21. 21. d.school Designed to ignite creativity and collaboration 2-4 times as many students want to take its courses than there are seats available Now enrolls 700 students/year—up from 100 in its inaugural year
    22. 22. The Traditional Classroom
    23. 23. The D-School
    24. 24. The D-School
    25. 25. The D-School
    26. 26. The D-School
    27. 27. The D-School
    28. 28. B-School vs. D-School
    29. 29. Real World Projects “Students take on real-world projects in our classes and labs, giving them practice and confidence in their innovation process.” Many large and prestigious corporations have worked closely with the school to act as test cases or post job openings
    30. 30. The D-School & Entrepreneurship  Innovation is the biggest source of competitive advantage today yet many feel they don’t have the creativity it takes  IDEO and the D-School show that:  The creativity you need is there; you just need to learn how to evoke it  Creativity is something you practice, not just a talent you’re born with  You can rediscover that creativity through the design thinking process—a process highly akin to our activities in class  The D-school does not create creativity; it helps people rediscover it  Takeaway: You can have that creative confidence again, and the design thinking process can help you get started.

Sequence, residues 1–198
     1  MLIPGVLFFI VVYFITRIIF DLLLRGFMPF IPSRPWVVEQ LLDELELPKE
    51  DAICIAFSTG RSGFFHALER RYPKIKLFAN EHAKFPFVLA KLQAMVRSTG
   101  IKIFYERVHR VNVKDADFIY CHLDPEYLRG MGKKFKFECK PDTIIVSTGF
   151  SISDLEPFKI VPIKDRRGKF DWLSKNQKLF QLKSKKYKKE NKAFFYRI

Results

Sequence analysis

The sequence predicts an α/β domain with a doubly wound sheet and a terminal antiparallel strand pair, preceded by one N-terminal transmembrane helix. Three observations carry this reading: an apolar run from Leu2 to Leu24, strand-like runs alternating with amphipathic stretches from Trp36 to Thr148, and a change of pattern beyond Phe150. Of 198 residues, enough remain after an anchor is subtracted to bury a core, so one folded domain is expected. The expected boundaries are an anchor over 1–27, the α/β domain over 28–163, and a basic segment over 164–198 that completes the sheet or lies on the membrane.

31. 31. References  http://en.wikipedia.org/wiki/IDEO  http://www.tenfacesofinnovation.com/ideo/  http://edition.cnn.com/2012/07/15/opinion/kelley-creativity/index.html  http://www.businessweek.com/stories/2004-05-16/the-power-of-design  http://www.fastcompany.com/1139331/ideos-david-kelley-design-thinking  http://www.businessweek.com/stories/2005-07-31/tomorrows-b-school-it-might-bea-d-school  http://online.wsj.com/article/SB10001424052702303506404577446832178537716. html  http://www.ideo.com/images/uploads/news/pdfs/HBR_Reclaim_your_Creative_Con fidence_R1212K.pdf  http://dschool.stanford.edu/

    ×